My realtor actively researches other homes for sale, attends open houses in my developments, encourages me to attend the open houses with them, and comes back with very specific "battle plan" information on how we can make my house compete favorably with the competition. They look me in the eye and say "this is how we'll sell first".
Would you feel comfortable exposing one clients home's weakness to the other seller, and advising them on how to take advantage? Would you withhold information that could give one advantage over another? Would you tell me that they were "thinking about changing price"?
If you're representing just me, anything you learn about my competition is fair game. If you represent both, you suddenly can have an ethics problem on your hand. I don't want a neutral realtor - I want a fanatic who will scratch and claw and give me every little advantage and edge possible. You can't do this for me and my neighbor at the same time!
Lorie - in your scenario the"advantage" is that on top of it, your listings bring a buyer through you. Now you're representing the buyer and 2 sellers ... the 3 all get watered down representation (it's impossible to represent the best interests of all 3 at the same time!) It's an unfavorable situation for everyone involved except the realtor!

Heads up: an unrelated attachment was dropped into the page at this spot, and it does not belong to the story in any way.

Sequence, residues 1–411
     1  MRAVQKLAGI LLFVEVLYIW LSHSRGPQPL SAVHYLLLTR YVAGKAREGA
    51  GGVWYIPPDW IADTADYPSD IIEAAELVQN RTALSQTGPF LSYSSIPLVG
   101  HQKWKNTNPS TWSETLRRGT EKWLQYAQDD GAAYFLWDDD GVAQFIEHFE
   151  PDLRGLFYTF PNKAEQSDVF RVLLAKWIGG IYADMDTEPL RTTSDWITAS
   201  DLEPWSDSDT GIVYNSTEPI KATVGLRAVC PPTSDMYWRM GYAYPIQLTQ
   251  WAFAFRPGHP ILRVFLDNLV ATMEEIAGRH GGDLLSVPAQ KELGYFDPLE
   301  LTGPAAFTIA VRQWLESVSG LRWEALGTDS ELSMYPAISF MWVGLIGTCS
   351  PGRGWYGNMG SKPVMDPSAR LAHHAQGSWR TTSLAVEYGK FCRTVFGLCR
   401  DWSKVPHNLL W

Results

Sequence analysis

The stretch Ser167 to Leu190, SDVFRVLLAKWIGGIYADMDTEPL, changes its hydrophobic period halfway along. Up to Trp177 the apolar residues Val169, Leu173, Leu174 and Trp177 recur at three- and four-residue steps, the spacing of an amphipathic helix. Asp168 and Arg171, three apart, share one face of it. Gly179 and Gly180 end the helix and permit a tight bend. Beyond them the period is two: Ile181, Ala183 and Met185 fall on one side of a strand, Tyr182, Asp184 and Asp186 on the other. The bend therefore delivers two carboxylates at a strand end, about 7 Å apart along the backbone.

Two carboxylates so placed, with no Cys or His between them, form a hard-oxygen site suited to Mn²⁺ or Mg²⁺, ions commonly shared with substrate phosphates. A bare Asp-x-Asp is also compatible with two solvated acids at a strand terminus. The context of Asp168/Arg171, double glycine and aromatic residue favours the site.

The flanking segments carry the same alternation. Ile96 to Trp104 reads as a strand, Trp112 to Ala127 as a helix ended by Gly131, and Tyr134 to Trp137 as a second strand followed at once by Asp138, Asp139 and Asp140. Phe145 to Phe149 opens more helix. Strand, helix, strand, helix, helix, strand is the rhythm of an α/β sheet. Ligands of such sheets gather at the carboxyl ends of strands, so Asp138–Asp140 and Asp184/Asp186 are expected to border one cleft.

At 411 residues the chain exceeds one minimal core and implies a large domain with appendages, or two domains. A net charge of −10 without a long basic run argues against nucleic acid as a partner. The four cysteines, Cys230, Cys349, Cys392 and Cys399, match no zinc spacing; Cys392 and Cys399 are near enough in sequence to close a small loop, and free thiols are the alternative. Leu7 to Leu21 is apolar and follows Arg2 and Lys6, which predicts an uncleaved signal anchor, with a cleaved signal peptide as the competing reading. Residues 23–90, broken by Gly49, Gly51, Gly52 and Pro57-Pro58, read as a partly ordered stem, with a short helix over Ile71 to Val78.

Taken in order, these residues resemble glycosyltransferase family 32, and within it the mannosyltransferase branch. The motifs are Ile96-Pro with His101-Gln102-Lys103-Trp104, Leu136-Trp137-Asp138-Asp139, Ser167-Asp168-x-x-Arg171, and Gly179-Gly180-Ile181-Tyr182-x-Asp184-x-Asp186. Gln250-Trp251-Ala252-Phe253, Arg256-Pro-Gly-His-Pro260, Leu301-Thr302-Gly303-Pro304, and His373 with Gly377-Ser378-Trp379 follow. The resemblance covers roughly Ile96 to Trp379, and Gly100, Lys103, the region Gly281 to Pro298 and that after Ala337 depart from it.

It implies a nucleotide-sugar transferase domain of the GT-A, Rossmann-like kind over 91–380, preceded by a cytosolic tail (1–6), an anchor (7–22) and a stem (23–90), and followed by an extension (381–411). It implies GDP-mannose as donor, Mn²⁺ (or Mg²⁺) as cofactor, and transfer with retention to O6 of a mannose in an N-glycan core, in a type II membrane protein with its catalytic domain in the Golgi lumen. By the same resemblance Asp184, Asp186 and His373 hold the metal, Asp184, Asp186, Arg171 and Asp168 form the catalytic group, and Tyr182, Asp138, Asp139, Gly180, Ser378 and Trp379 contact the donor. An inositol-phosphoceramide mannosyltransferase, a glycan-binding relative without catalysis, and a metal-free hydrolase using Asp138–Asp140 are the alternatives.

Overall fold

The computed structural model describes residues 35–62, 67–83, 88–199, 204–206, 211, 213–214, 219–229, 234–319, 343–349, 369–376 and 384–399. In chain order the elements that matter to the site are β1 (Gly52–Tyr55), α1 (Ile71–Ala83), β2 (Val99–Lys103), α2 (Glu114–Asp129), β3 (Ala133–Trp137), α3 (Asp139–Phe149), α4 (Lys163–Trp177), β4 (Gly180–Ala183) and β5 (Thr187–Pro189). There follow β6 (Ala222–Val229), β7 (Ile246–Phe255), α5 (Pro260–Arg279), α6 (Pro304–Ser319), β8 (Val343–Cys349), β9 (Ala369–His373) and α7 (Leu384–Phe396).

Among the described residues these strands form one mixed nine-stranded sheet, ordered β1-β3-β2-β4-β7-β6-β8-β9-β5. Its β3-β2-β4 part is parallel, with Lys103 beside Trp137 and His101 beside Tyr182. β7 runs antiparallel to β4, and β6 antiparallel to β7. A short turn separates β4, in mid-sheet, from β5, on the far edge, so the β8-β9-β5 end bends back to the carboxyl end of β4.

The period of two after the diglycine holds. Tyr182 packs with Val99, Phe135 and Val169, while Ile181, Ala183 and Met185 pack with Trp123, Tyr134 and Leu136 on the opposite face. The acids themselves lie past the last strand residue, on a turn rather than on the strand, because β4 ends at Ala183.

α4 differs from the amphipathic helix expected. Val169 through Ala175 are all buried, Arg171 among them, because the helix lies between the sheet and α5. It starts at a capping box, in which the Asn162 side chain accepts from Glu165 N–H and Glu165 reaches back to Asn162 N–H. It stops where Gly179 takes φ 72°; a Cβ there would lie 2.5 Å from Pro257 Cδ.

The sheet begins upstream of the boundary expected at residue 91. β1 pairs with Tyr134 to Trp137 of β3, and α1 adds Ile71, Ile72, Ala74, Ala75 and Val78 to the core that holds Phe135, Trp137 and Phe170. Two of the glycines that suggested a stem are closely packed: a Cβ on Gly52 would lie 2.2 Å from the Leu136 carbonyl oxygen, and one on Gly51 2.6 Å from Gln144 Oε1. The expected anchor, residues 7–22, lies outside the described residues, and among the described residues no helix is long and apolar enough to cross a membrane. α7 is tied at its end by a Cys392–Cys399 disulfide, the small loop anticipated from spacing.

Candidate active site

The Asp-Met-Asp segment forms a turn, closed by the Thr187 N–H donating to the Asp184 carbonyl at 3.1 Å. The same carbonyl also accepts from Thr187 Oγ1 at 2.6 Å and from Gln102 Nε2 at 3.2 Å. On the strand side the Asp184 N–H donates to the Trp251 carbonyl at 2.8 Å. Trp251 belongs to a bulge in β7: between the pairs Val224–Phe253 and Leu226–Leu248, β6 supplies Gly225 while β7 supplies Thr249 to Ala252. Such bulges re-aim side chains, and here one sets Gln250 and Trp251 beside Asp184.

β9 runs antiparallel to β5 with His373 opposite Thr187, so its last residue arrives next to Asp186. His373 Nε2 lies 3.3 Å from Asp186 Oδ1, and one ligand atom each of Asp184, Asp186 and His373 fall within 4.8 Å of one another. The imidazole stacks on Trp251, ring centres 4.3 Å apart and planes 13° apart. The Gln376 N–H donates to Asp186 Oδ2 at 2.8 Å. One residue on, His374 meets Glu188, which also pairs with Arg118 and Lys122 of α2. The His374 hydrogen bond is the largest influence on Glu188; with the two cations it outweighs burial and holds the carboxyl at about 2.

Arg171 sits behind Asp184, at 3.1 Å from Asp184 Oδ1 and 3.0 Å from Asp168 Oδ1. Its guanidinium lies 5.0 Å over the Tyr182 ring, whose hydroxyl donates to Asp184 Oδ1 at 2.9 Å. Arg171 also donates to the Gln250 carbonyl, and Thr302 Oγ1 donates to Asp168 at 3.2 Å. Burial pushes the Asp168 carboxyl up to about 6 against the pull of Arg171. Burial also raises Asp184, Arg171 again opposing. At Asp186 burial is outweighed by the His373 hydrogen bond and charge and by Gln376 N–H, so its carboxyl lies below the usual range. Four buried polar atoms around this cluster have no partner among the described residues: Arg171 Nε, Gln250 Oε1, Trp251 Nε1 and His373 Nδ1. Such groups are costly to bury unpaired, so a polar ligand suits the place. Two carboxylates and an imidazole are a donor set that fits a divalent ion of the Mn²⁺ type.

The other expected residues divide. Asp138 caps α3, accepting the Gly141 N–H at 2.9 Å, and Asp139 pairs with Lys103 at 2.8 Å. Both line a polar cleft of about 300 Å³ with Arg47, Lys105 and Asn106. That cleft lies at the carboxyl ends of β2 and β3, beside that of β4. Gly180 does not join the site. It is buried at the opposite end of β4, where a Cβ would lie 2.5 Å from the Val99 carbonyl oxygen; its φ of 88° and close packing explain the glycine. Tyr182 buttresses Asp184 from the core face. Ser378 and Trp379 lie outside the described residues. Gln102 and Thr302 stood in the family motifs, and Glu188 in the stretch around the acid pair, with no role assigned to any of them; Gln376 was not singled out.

Adding to that, I once listed two homes on the same street that looked, from the front, pretty identical. Both appeared to be colonials. One had 4 BR with a beautiful master suite and 3 baths, patios, a stream running behind it and was solidly built. The other was a saltbox cape that looked like colonial from the front. It had 2 BRs upstairs, 1.5 baths, a small BR down and average property. They were both listed in the 700,000s about 25,000 apart. Do you really think I had to badmouth the saltbox to sell the colonial first? Any consumer could see which one was the most bang for their buck. Three years and two agents later, it's still for sale at almost the same price.